The following years up to the present are a continuous journey to a phenomenal economic success and social development. Lee Kuan Yew dies on 23.03.2015 leaving behind a legacy of the controversial but brilliant leader and creator of great and magnificent Singapore.
Today, Singapore political scene has lost its brutality. The Economic and social situation of the country is stable enough for the governing power to loosen its grip. However, some aspects will always be strictly controlled and enforced, including religious freedom and respect for the culture of each demographic group that builds the society of Singapore.
The island is a home to nearly 5.5 million people. About 2 million are permanent or temporary residents. The other 3.5mln are Singaporean citizens, divided into four main ethnic groups: Chinese (74%), Malaysian (13%), Indian (9%) and Eurasian. Each group brings to the society their cultural and religious uniqueness. Their traditions, beliefs and rituals are widely respected and publicly recognised. The testimony of this can be found even in the calendar of Singapore holidays. The most important holiday of a specific religion is marked as a day off. You will find here festivals of Buddhist (33% of followers), Christian (18%followers), Muslim (15%followers) and Hindu (5%). The remaining 17%, which is not defining themselves simply enjoys the days off.
Ethnic diversity has an impact on the language of the country. Officially, Singapore recognises four languages: English, Malay (Bahasa Malaysia), Mandarin (the official Chinese language) and Tamil (a classical Indian language). It is common that all the warning signs, official announcements and information are provided in each of the major languages. In offices or schools, English is in use, but there are also classes dedicated to dialects of each ethnic group. Singlish is an unofficial – as vigorously as ineffectively fought – language form in Singapore. It is a slang derived from a combination of English and other languages elements. In one sentence one can find words from each dialect, what results in a unique Singaporean Esperanto. Very characteristic to Singlish are the following: unique sing-song intonation, suffixes emphasising emotional expression (lah! leh! lei!), and completely ungrammatical syntax (use of wrong times, bypassing key parts of grammar, etc.).
Each ethnic group of the country has its traditional dish and distinct cuisine. Singapore is a country where without crossing a border one can try at least four flavours of Asia. The best place for it is a food court, also called a hawker centre. It is a half-opened hall with lots of small stalls offering dishes characteristic to particular countries of Asia. One can find here flavours of Indonesia, Malaysia, Philippines, Thailand, India, and so on. The list also includes new culinary fusions – Italian-Japanese, European-Asian to name a few. In addition, prices in food courts are ridiculously low, and one can get a decent rice dish with broth to wash it down for only 3.50SGD/2.40USD. The best and common tactic to try as many cuisines as possible is to order few dishes – each representing a different country – and share them with co-banqueter. During peak hours – breakfast, lunch and dinner – the common sight are packs of tissues laying on tables. It is a unique way to reserve a seat. Hawker centres are home to kopitiams – stands serving a simple breakfast consisting of Kaya (coconut jam) toasts, soft-boiled eggs and thick coffee with condensed milk. The best part is that these small culinary havens are everywhere – from tiny ones in the local housing estates to large ones in shopping malls or near tourist attractions.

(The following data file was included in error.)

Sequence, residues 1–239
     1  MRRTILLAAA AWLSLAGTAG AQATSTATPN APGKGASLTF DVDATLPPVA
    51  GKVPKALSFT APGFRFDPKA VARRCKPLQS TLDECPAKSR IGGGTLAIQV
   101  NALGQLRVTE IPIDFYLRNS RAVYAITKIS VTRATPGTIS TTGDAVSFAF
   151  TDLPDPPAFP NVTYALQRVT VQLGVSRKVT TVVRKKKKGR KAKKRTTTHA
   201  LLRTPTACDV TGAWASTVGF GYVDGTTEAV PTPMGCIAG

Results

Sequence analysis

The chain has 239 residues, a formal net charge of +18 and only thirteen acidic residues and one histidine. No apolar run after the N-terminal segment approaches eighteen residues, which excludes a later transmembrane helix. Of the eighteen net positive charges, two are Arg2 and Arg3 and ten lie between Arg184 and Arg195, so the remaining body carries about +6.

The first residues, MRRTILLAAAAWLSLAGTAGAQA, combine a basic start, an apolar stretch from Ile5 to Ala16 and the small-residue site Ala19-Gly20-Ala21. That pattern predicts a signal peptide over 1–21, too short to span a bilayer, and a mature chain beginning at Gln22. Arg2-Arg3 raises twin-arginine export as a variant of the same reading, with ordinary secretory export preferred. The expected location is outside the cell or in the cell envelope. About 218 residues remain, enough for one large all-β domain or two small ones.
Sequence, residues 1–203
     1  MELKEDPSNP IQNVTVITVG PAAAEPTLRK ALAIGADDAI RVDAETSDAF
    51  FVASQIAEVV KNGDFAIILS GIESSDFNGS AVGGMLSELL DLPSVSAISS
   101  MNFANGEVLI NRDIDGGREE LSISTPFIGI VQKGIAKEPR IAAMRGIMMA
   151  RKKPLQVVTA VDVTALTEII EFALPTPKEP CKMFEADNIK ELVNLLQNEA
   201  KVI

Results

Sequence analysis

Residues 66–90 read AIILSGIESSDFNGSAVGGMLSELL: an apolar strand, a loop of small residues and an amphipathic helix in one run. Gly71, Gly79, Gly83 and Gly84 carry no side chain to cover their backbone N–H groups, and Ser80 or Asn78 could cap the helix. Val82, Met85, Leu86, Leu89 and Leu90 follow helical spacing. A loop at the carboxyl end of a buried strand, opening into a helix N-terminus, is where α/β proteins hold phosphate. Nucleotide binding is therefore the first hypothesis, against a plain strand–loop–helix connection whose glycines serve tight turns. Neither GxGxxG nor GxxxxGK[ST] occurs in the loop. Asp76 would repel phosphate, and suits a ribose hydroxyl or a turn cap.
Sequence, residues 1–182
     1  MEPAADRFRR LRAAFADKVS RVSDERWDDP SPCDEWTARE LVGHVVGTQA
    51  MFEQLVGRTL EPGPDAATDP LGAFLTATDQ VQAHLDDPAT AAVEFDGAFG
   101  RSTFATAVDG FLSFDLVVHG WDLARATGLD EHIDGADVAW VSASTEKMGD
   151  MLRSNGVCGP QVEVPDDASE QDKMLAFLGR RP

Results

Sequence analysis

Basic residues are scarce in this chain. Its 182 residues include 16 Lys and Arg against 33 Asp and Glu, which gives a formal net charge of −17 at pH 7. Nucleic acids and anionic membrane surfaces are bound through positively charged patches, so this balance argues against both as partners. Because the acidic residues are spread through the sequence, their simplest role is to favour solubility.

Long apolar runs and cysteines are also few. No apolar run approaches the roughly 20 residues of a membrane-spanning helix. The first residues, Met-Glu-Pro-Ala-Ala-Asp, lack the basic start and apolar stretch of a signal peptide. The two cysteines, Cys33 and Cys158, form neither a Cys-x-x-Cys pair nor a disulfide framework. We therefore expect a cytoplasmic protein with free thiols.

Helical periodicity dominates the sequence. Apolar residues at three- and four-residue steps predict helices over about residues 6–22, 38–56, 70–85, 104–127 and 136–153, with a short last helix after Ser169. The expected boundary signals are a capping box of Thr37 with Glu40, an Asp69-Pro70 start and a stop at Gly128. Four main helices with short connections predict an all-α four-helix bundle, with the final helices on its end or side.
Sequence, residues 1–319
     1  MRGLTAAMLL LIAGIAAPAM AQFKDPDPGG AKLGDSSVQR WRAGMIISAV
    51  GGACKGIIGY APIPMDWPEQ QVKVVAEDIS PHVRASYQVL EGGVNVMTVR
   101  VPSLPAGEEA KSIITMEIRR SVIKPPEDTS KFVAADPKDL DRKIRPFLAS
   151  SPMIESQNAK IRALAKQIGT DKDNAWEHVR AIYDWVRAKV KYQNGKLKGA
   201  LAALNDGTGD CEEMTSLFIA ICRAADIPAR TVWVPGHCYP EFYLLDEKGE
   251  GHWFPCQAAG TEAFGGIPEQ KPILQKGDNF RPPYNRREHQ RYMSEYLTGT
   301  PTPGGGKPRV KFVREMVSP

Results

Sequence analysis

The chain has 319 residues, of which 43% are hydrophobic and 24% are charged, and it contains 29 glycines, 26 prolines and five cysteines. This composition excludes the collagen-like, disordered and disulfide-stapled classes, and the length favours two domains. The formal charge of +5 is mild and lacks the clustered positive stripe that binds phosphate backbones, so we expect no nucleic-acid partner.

When deciding on a trip to a food court, one should keep in mind that these semi-open spaces are devoid of air conditioning. A seemingly unusual comment starts to make sense taking into consideration the tropical climate of Singapore. Cooler days (23°C) are quite pleasant, but the problems start when the temperature reaches 35°C, and the humidity exceeds its standard 75 – 80%. Monsoon seasons (June – September, November – March) are somewhat more merciful regarding temperature, but make up for it with many spectacular thunderstorms and heavy rainfalls.